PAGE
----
The Dunhuang shilu reports: When Wang Fan died, a thief opened his tomb and saw Wang Fan playing chupu (a form of boardgame) with someone; he rewarded the robber with wine, and the thief drank it in terror, watching someone lead a bronze horse out of the tomb. That night a divinity arrived at the city gate, announcing that it was the envoy of Wang Fan, that someone had opened his tomb, marking his lips by swallowing dark wine, and that when that person returned at dawn they could verify this and capture him. When the thief entered the city, those on the gate therefore bound and questioned him, and it was just as the divinity had said.
Li Rong 李冗, Du yi zhi, 獨異志 (Outstanding Fantastic Stories), 上1.8 (Tale 61):
Li Rong 李冗, Du yi zhi, 獨異志 (Outstanding Fantastic Stories) in Du yi zhi, Xuanshi Zhi 獨異志，宣室志 (Outstanding Fantastic Stories, Stories from the Chamber of Dissemination), edited by Zhang Yongqin 张永钦 and Hou Zhiming 侯志明 (Beijing: Zhonghua shuju, 1983)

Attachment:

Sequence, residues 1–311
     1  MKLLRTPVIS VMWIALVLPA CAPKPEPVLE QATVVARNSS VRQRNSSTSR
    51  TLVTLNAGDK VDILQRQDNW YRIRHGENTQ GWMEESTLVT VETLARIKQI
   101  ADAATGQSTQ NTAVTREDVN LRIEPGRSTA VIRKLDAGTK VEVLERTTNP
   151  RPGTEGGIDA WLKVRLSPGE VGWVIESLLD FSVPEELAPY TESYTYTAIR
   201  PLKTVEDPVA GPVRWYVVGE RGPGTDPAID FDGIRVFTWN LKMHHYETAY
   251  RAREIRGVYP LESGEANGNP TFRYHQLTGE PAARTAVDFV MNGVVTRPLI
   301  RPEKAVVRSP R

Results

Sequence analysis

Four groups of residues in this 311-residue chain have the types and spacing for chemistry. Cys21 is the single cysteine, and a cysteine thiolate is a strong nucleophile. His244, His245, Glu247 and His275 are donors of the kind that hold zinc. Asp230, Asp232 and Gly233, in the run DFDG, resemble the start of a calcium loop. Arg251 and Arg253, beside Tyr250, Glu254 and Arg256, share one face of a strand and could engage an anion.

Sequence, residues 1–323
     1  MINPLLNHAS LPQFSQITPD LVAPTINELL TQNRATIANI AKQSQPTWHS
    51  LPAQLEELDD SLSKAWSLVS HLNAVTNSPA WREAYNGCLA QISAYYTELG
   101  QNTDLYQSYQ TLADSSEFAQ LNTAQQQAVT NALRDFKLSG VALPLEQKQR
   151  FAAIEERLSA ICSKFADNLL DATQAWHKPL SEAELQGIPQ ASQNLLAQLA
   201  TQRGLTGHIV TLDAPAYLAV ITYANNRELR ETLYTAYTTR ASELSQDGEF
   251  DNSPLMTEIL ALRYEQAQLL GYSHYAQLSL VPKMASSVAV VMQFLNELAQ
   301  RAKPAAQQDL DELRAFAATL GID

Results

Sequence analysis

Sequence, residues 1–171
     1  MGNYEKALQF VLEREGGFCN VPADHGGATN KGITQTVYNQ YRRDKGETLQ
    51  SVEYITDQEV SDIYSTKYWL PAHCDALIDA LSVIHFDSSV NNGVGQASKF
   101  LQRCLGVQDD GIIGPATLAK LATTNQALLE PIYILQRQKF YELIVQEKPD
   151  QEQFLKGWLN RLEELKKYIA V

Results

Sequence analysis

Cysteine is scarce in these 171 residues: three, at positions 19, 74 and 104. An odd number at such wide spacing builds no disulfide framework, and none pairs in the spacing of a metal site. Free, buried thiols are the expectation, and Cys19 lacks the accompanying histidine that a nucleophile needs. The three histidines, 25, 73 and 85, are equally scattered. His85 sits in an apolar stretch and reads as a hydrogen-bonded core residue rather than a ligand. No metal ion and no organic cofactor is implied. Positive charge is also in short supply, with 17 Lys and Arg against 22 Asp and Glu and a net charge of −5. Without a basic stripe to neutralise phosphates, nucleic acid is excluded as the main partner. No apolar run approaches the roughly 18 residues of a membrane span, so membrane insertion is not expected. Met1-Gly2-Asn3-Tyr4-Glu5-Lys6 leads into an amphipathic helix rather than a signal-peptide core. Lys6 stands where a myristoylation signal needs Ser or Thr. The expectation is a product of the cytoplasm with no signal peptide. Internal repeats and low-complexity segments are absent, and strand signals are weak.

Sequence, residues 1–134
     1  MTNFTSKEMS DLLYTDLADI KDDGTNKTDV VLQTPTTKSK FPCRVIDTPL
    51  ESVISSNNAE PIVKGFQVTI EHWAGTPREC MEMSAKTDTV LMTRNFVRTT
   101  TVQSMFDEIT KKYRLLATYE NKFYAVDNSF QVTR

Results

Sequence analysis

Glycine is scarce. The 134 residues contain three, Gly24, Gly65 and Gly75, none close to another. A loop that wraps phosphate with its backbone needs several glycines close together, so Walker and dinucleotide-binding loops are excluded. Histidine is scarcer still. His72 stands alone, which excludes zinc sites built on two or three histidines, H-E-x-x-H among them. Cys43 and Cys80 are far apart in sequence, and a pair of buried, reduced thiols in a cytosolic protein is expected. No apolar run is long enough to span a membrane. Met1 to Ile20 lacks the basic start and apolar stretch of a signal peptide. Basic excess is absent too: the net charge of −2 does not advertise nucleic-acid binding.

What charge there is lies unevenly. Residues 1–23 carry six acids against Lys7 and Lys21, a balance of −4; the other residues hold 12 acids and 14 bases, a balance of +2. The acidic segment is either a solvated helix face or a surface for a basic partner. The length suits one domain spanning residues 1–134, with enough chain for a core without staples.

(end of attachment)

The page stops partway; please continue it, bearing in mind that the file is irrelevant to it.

In Xixiang, Pucheng County, there was a powerful spirit, proved effective in many affairs, that called itself Duke of the Spirits; after several decades, near and far all strove to approach it. It happened that one Wan Tu, who tended pigs for a living, stretched a small net across a mountain path and a fox fell into this. It suddenly spoke with a human voice, saying: “I am the Spirit Duke of Xixiang; I hope [you] will spare my life, for which there will be a generous reward.” Tu then released and turned it free. The next night, at lamp-lighting time, two hens and a great many guanhui notes were tossed into his compound. Before many days had passed, he again fell into the hands of a human forester, and once more spoke in supplication: “I was once caught by Wan Tu, and he, having released me, has been thanked most generously. If I am returned alive your reward will be rich.” The man having no trust in this, he ‘placed him on the field of death’. Several days later, a troupe of foxes surrounded [the forester’s] house seeking and searching, soon after, a single fox torched the dwelling and departed.
Anon., Jin Xin 金心 (ed.), Huhai xinwen yijian xuzhi 湖海新聞夷堅續志, 2.249:
Yuan Haowen 元好問, Chang Zhenguo 常振國 (ed), Xu Yijian zhi 續夷堅志 (Continued Records of the Listener), and Anon., Jin Xin 金心 (ed.), Huhai xinwen yijian xuzhi 湖海新聞夷堅續志 (Continuation of Records of the Listener with New Items from the Lakes and Seas) (Beijing: Zhonghua shuju, 1986).